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Hurst Jeepster

Posted in Features on March 29, 2017 Comment (0)
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Kaiser Jeep brought new sportiness to the lineup when the Jeepster Commando 4x4 debuted in August 1966 as a ’67 model. Styled after the original ’48-’51 Jeepster phaeton, it was offered with many options and came in four models: Roadster, Pickup, Wagon, and Convertible. The Model C101 Jeepster Commando was decidedly different from the other sport utility rigs of the day and a bit more stylish than most. The most whiz-bang part of the intro was the optional 225ci V-6 powerplant, a design recently acquired from GM’s Buick division. It was a moderate sales success by Jeep standards, but there was strong competition from the Ford Bronco, IH Scout, and Chevy Blazer, but Jeep worked hard to keep the Jeepster Commando in the spotlight as the ‘70s dawned.

In 1970, Jeep hooked up with Hurst Performance Products to do a sporty version of the Jeepster Commando Station Wagon for the ’71 model year. Though Hurst was fully capable of supplying show-and-go, the Jeepster Commando got mostly show. Plans were hatched to make a limited run of 500 units—300 with automatics and 200 with a three-speed manual. They have been alternately called the Hurst Specials or Hurst Jeepster.

In addition to Hurst shifters, the Hurst Specials started off with a nicely equipped Jeepster Commando Station Wagon in white, to which red and blue rally stripes were added on the cowl and tailgate. The Hurst “H” badges were added to the hood sides, tailgate, and interior. A hood scoop was added and its only useful job was to carry a tachometer. Inside, the automatics got the Hurst Dual Gate floor shifter and the T-14A manuals got the legendary Hurst T-Handle shifter. To give them better on-road performance, G70-15 Goodyear Polyglas white letter tires were part of the mix.

The Hurst Jeepster started off as a $3,208 model 8705F Station Wagon in Champagne White with the V-6 ($211) and full-boat Trim Package B option ($350). An automatic added $326. Dealer cost for the Hurst packages was $250 for the stick and $275 automatic, but retail was somewhat higher. This rig belongs to Rod and Luana Schneider who have owned it since the ’70s. It was wheeled for a few years until they learned its rarity. Being die-hard C101 fans, they also have a built one for wheeling.

The Hurst Commando rollout process started with a press launch in June 1970, followed by a July dealer announcement. Little behind-the-scenes documentation is available, but legend has it Kaiser Jeep initiated the project after a one-off promotional CJ was done in 1968, and reluctantly AMC carried on after its purchase of Jeep in February 1970. It’s very clear the widely announced original plan for 500 units was changed. A reduced production run of about 100 units has long been the guesstimate. That production number has been challenged in recent years, as nearly 65 known survivors are in the Hurst registry at the Jeepster Commando Club. “Common knowledge” once said only automatic versions were produced, but that has also been proven false, with several original stick-shift rigs found.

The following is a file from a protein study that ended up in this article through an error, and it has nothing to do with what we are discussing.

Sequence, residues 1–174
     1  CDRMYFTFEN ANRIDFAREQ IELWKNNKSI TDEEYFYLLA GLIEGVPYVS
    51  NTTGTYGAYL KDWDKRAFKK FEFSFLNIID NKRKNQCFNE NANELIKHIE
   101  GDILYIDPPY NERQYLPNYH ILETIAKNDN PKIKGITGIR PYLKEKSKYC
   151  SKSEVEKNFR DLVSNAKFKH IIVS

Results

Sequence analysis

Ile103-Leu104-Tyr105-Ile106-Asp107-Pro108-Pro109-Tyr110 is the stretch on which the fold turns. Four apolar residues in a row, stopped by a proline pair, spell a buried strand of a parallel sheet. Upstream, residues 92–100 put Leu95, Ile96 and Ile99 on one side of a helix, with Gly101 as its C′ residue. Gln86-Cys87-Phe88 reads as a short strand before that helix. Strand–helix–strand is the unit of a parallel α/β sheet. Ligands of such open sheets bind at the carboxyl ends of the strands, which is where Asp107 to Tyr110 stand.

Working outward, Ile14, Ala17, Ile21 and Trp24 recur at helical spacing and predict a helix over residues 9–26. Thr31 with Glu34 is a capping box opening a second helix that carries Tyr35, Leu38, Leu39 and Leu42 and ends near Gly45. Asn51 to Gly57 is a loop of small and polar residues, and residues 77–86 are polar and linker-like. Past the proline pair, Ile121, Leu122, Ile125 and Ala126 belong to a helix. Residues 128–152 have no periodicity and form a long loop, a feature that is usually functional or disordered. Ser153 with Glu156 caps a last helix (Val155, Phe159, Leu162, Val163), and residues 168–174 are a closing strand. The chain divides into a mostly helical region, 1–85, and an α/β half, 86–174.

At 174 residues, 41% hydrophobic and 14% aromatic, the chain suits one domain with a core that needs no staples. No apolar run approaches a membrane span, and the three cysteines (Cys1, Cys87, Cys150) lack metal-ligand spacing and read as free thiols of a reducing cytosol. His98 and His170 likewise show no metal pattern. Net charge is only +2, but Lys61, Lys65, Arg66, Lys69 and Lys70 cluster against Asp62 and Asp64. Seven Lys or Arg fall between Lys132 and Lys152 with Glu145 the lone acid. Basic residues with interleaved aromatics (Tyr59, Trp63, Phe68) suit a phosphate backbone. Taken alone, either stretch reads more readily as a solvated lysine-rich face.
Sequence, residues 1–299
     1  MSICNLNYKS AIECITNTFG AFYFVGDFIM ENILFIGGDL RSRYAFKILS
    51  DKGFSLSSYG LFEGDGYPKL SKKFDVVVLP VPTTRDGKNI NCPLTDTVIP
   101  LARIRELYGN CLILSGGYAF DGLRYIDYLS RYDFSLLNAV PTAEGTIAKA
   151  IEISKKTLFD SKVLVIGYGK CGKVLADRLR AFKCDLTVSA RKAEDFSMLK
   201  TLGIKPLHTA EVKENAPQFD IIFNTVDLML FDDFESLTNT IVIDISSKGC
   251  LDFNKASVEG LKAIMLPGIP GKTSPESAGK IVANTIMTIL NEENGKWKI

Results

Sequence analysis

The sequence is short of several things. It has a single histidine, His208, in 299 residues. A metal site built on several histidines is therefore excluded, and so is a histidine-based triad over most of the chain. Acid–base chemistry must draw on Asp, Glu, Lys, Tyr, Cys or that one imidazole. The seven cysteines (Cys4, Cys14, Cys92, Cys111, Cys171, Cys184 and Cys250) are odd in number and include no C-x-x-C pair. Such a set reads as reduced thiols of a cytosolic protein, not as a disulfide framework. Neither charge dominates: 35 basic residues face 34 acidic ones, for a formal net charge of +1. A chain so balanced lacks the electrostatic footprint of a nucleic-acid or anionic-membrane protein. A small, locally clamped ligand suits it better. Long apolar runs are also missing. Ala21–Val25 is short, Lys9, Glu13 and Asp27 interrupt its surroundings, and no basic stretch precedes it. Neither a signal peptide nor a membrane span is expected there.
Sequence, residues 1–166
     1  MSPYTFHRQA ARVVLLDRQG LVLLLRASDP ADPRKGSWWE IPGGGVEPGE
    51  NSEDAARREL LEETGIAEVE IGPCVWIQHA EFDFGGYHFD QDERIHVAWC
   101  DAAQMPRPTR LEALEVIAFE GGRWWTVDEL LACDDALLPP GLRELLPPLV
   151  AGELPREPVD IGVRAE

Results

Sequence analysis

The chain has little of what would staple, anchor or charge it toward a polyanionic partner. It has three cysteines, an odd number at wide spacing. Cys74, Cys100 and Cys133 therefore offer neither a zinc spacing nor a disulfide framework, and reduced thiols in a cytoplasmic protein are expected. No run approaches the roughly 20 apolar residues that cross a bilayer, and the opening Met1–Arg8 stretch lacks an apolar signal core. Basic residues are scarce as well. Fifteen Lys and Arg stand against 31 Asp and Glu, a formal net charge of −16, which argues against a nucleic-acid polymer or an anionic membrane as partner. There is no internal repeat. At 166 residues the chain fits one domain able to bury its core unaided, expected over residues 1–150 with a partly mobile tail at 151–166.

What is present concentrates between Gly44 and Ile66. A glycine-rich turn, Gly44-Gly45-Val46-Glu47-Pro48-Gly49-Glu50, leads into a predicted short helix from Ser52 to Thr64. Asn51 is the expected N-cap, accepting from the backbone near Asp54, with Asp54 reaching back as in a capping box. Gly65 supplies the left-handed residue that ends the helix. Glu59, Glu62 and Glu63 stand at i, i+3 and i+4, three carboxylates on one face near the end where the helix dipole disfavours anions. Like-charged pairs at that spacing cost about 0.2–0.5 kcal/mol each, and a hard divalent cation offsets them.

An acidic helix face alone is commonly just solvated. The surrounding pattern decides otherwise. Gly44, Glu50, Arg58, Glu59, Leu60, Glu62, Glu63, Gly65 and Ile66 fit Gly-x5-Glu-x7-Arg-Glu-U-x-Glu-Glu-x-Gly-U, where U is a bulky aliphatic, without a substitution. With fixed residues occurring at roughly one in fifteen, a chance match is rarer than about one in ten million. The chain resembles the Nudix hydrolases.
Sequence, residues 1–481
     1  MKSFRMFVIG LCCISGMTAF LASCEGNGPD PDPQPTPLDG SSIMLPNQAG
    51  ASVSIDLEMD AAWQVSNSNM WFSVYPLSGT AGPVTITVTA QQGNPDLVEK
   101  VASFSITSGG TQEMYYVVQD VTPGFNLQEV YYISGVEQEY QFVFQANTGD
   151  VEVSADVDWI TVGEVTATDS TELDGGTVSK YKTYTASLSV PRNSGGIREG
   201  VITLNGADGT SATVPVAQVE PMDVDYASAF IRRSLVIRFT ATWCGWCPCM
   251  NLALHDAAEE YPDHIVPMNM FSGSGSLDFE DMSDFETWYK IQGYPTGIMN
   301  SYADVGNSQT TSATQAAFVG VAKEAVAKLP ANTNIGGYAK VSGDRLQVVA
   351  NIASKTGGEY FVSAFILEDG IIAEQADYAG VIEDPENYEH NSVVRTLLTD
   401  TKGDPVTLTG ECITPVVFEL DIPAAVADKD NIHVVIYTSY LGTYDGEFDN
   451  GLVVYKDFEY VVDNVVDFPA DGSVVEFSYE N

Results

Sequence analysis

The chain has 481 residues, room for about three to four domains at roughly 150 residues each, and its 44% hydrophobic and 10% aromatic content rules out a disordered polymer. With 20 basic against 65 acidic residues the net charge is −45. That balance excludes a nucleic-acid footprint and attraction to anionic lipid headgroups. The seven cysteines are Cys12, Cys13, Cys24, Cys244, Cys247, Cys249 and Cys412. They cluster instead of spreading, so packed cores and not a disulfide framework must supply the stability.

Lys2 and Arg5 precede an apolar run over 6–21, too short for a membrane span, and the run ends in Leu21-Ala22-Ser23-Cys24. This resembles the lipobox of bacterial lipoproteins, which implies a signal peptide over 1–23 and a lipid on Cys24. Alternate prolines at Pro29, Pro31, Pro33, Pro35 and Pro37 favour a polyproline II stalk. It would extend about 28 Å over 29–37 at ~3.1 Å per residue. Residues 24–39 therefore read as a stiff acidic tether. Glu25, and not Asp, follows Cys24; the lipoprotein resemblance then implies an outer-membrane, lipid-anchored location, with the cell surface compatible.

Clearly, the Hurst Jeepsters are one of the most rare Jeeps you can own, and collector interest is high. They make a great vintage daily driver and are definitely a ’70s head-turner, even if not the most capable wheeling Jeep on the block!

Don’t mind the dent. It’s been there for a long while and Rod and Luana prefer their rig in time capsule, unrestored condition. The view from here shows much of the Hurst and Trim Package B equipment, including the roof rack, chrome bumpers, wheel covers, and sliding rear quarter window stripe and badge.
Inside, Trim Package B gave you Deluxe front and rear seats, carpets and a few other goodies. The Hurst Dual Gate Shifter allowed a standard PRND21 shift pattern on the left gate, but if you slammed the shifter to the right, you could manually shift between First, Second, and Third without worrying about accidentally hitting neutral. Hurst called it the “His-and-Hers” shifter. Along with the 8,000-rpm tach, the shifter was pretty sporty feature for a stock rig, but it did allow the driver to maximize what performance was available. Standard gearing for the V-6 was 3.31:1 but 3.73:1 was available. With the lower gearing and a svelte curb weight of only 3,000 pounds, acceleration with the V-6 was snappy for a ’60s Jeep. If only they had mounted the Buick 350ci V-8, show would have united with go for a truly sporty Jeep!
The GM-sourced Dauntless 225ci V-6 is most fondly remembered for finally getting the Jeep CJ out of the slow lane. It cranked out 160 hp and 235 lb-ft of torque with a two-barrel and a little less with the early one-barrel offering. The Dauntless was only used in CJs and the Jeepster Commando but was considered as a possible base engine for the Wagoneer and Gladiator trucks. GM was happy when AMC dropped the Buick-sourced 225ci and 350ci engines from the Jeep lineup in favor of its own line of powerplants. Immediately upon regaining control of the design in 1974, Buick upgraded the engine for its midsized cars and reintroduced it for ’75. Shortly after, they developed the even-fire V-6 for a ’78 intro. Derivatives of the engine have been in production ever since.

Sources

Jeepster Commando Club Hurst Page
jeepstercommandoclub.com/hurst

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